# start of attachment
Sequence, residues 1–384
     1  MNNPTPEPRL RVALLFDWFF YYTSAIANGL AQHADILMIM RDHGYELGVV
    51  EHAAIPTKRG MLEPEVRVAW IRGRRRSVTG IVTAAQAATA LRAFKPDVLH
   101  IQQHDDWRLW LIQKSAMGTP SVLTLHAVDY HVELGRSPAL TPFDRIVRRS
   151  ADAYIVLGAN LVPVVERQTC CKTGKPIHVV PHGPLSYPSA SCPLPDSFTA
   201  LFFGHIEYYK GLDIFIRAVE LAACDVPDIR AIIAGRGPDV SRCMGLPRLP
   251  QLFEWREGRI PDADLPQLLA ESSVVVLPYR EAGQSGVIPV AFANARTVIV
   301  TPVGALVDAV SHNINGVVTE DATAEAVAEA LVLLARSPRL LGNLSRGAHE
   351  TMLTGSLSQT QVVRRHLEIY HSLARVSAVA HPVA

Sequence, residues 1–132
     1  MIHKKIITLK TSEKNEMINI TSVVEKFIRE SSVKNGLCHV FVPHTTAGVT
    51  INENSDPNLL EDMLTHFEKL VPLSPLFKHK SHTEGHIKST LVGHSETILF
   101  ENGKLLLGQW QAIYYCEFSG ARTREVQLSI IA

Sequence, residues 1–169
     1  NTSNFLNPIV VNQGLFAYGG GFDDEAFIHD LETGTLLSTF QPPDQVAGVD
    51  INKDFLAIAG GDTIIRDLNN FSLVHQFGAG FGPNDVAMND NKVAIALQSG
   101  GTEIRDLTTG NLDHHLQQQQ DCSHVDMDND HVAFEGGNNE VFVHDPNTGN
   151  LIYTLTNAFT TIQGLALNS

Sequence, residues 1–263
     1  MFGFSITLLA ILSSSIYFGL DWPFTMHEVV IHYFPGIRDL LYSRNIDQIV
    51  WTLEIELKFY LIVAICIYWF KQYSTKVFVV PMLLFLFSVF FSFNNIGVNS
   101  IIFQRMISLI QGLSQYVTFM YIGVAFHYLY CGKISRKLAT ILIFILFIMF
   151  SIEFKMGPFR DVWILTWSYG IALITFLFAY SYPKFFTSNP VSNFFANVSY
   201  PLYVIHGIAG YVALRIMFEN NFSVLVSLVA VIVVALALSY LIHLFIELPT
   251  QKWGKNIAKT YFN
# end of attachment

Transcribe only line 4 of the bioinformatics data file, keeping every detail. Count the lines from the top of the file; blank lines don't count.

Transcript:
   101  IQQHDDWRLW LIQKSAMGTP SVLTLHAVDY HVELGRSPAL TPFDRIVRRS